The limited articles publishing facts and metrics for hospital supply chain staffing presents a gap of the what, where, and why of supply chain labor. The supply chain manager may believe having a person working in each task is the most efficient use of staffing without matching each person’s productive hours to overall productivity. In almost every hospital measured, we found the supply chain manager’s perspective may be the biggest obstacle to the department having lean and productive staffing.
At one large health system, we analyzed buyers in terms of best practice PO line per year total across facilities. The average metric came back at 36,785 PO lines per year per person doing purchasing or buyer tasks. What we realized after comparing staffing is the same metric applies to a receiver because they are receiving what the buyers buy.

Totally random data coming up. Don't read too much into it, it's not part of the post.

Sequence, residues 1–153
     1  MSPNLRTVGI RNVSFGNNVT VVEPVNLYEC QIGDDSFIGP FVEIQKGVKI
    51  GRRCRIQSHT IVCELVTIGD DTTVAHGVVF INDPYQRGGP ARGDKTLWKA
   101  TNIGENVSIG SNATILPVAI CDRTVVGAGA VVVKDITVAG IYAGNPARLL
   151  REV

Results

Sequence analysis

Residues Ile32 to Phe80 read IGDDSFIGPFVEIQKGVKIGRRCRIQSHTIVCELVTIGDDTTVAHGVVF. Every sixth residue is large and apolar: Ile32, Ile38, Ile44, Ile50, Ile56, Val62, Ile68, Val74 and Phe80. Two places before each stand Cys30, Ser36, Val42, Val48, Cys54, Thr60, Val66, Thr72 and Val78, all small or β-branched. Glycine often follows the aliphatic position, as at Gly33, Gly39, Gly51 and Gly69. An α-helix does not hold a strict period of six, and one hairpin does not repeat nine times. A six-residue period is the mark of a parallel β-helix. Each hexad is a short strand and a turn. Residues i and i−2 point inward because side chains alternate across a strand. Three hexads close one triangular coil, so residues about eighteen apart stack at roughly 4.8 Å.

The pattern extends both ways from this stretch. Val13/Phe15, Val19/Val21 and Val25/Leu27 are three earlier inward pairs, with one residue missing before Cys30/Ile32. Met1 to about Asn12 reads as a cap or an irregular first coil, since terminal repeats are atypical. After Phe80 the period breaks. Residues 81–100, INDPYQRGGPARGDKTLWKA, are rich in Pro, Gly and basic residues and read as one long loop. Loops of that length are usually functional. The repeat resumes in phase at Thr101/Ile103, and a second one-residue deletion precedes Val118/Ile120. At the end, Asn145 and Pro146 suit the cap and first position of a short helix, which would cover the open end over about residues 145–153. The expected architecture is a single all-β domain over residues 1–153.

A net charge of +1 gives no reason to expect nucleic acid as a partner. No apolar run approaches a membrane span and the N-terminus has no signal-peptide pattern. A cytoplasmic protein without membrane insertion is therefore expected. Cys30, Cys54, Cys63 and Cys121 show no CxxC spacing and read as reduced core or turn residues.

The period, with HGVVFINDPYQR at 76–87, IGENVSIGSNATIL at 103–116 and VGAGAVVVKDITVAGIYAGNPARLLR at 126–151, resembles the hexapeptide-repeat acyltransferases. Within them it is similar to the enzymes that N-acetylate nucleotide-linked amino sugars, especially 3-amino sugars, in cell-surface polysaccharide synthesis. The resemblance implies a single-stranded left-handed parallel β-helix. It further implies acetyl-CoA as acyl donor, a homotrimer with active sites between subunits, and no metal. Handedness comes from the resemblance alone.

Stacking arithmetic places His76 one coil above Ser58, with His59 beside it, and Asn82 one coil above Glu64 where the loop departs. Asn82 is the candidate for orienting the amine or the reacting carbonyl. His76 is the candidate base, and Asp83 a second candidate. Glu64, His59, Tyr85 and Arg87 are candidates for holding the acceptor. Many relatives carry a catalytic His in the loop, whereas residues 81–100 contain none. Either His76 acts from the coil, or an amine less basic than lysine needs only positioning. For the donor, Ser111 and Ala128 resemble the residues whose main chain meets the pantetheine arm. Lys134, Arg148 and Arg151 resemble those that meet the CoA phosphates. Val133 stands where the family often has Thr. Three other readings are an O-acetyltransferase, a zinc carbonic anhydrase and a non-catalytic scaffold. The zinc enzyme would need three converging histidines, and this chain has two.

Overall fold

It appears that correcting pricing and processing customer POs is similar in processing time per PO to receiving processing time. Therefore, this metric can serve the same purpose for receiving. However, there may be hospitals that are inefficient on materials management information systems (MMIS) numbers for routine items or redundant paper requisitions (rather than using electronic requisitions), resulting in manual entry and edit time to process, extending the processing time on the buyer’s side.